As Jennifer Gitiri has outlined, M-PESA operates under a special license by the Central Bank of Kenya. Under German law, such special permission would be highly problematic, especially due to the fact that Germany has implemented European law. Going one’s own way, i.e. not applying given laws would not only possibly violate German law, but also European regulations, i.e. the European Commission would possibly inquire as to how far this may constitute a violation of the European legal framework.

On the other hand, having in mind the free movement of capital within the EU a payment service could in almost no thinkable scenario be confined to national borders. Therefore the size of the market to be conquered is quite huge, which causes further implementation hurdles.

Obviously, the rate of underbanked consumers within the EU is marginal, since the EU parliament enacted the Directive 2014/92/EU in 2014. Every EU citizen has guaranteed access to a personal bank account through this legislation.

As Geoffrey Muchoki has outlined, by now the majority of the Kenya’s GDP is channeled through M-PESA; some estimates indicate that more than the equivalent of $50 billion were transferred within one year. Given the recent outcry in German public debate over the replacement of cash by electronic money, a major shift in public opinion would be required for many citizens to turn towards a system like M-PESA. Currently, according to Sec. 14 para. 2 Bundesbank Act (BBankG) physical Euro notes are the only unlimited legal payment method; no business is legally required to accept mobile or credit card payments.

Since the amount of underbanked population in EU markets is way lower than in Eastern Africa, the question remains, as to if and where a need for a service like M-PESA might exist. Is there an advantage over book money or even a cryptocurrency such as Bitcoin?

M-PESA is a money transfer system processing the official currency, i.e. Kenya Shilling. As has been outlined by Muchoki regarding the network of numerous M-PESA agents, the balance of the respective account can be cashed almost anywhere and anytime. It is therefore the practical alternative to the European book money and the banks’ network of ATMs. In addition, given the scale and scope of the supervision exerted by the Kenyan authorities, which Gitiri introduced us to, there is not too much left of the peer to peer concept, labeled P2P. [5]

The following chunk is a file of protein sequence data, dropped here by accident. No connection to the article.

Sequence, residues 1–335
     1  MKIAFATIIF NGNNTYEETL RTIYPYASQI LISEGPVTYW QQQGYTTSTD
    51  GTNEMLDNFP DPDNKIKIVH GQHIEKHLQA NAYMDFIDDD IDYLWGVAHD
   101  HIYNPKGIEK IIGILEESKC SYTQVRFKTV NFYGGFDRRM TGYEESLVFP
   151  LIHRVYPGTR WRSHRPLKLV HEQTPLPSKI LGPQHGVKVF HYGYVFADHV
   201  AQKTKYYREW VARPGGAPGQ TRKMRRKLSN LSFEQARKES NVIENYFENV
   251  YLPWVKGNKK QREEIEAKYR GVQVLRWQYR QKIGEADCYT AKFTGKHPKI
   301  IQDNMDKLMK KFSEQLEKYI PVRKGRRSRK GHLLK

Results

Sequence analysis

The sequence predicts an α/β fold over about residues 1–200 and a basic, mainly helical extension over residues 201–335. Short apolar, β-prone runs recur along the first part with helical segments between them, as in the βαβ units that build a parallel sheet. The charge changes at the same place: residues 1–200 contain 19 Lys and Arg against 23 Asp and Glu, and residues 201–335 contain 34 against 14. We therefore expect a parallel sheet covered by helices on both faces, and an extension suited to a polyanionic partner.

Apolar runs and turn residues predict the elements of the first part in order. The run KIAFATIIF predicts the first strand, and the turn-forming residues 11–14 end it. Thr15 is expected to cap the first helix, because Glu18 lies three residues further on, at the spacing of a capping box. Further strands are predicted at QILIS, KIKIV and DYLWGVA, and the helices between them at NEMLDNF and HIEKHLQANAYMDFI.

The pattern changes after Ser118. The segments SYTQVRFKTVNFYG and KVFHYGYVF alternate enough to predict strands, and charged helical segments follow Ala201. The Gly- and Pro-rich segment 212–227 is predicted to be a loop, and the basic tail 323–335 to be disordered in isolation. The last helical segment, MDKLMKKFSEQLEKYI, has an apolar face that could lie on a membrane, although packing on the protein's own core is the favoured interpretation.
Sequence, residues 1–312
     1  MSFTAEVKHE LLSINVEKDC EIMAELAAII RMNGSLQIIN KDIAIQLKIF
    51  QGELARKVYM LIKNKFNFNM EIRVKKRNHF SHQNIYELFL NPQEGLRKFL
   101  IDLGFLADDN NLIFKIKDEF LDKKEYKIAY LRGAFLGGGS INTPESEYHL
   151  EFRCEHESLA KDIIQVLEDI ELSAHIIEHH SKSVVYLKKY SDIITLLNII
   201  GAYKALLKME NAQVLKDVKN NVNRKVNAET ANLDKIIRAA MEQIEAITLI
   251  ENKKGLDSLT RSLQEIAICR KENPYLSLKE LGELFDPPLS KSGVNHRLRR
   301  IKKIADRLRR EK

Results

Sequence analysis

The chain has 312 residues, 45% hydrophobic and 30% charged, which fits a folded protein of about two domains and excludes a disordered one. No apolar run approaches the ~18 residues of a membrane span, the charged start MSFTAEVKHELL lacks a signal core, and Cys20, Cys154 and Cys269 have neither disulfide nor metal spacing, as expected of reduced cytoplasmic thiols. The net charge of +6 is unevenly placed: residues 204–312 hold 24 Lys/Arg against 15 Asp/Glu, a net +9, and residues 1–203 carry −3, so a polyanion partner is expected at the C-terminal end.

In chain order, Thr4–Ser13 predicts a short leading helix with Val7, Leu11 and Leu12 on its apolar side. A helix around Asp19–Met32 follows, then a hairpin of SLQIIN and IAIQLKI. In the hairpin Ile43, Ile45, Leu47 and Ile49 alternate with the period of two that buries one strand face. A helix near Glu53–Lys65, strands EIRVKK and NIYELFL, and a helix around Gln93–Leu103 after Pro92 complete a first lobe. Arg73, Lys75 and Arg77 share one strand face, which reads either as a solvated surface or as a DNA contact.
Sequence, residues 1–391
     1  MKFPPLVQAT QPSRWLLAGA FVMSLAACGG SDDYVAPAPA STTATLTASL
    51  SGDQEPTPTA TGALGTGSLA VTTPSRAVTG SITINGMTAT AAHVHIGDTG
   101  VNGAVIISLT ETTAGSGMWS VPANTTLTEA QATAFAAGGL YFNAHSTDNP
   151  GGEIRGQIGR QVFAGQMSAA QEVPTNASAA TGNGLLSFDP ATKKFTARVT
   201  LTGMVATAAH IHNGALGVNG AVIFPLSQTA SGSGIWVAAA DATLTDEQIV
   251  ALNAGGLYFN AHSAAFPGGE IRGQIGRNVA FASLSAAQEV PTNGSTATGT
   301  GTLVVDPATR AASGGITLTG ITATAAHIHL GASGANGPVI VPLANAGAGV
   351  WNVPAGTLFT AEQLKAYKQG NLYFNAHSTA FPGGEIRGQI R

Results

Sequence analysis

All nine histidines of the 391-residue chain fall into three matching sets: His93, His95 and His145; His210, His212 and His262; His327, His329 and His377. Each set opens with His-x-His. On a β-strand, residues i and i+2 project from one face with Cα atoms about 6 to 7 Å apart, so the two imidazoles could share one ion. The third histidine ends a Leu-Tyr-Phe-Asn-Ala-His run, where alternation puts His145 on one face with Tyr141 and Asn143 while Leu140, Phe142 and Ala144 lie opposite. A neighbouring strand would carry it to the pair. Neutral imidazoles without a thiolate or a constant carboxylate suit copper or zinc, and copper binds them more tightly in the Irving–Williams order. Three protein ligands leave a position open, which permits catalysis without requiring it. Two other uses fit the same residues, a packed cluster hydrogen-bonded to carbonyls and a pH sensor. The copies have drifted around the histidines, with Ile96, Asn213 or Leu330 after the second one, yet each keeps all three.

A Bitcoin or similar blockchain entails several functions of P2P-communication between a multitude of actors. However, although implemented in a communication network, a payment system like M-PESA serves first and foremost the sole purpose of transferring the official currency. It does not aim at becoming an alternative payment instrument. The economic value of the M-PESA balance is at all times determined by the official currency value, which the central bank is able to safeguard under its fiscal policy.

Considering the Kenyan people’s need outlined by Muchokiand their tech-savviness it does not surprise too much that exactly there M-PESA came to light. Although legislative difficulties still exist as Gitiri points out, the Kenyan legislator has taken the right approach to the new technological development, when creating a special license and thereby enabling a permutation of the way the urban and rural underbanked population is transferring money. In this regard, it has helped to bridge a major gap, to fulfill a literally wide spread need.

The exact same need cannot be found within the EU. However, an additional money transfer system like M-PESA could possibly serve the need for less complicated and faster transactions and also, having in mind the banking crisis of 2008 and the people’s will to protect their savings from system collapses, more financial independence. Bitcoin could be regarded as a proof for this need.

However, while the success of a money transfer system similar to M-PESA within the EU is fairly difficult to estimate, the growth in emerging markets in Eastern Africa will thrive. Time will tell to what extent M-PESA’s growth will continue.

Twende kazi! (Let’s go to work)



* Nils Bruckhuisen is an advocate admitted to the Cologne bar. Previously he served in Nairobi‘s Delegation of German industry and commerce. He escapes to NBO during German winters.

[1]  https://www.supremecourt.uk/cases/uksc-2013-0170.html – last reviewed on 22 October 2018.

[2]  http://www.bailii.org/uk/cases/UKHL/1970/4.html – last reviewed on 22 October 2018.

[3]  Notwithstanding that there are several others, https://ihub.co.ke/ should get a mention here.

[4]  From a German perspective, the one brought to life by Merck might be of closer interest. Please compare https://innovationcenter.merckgroup.com/get-involved/accelerator/african-satellite-programs/nairobi/ – last reviewed on 22 October 2018.

[5] Compare Otto in Ri 2017, 86.

Titelbild: © Jezper via Adobe Stock, #42874084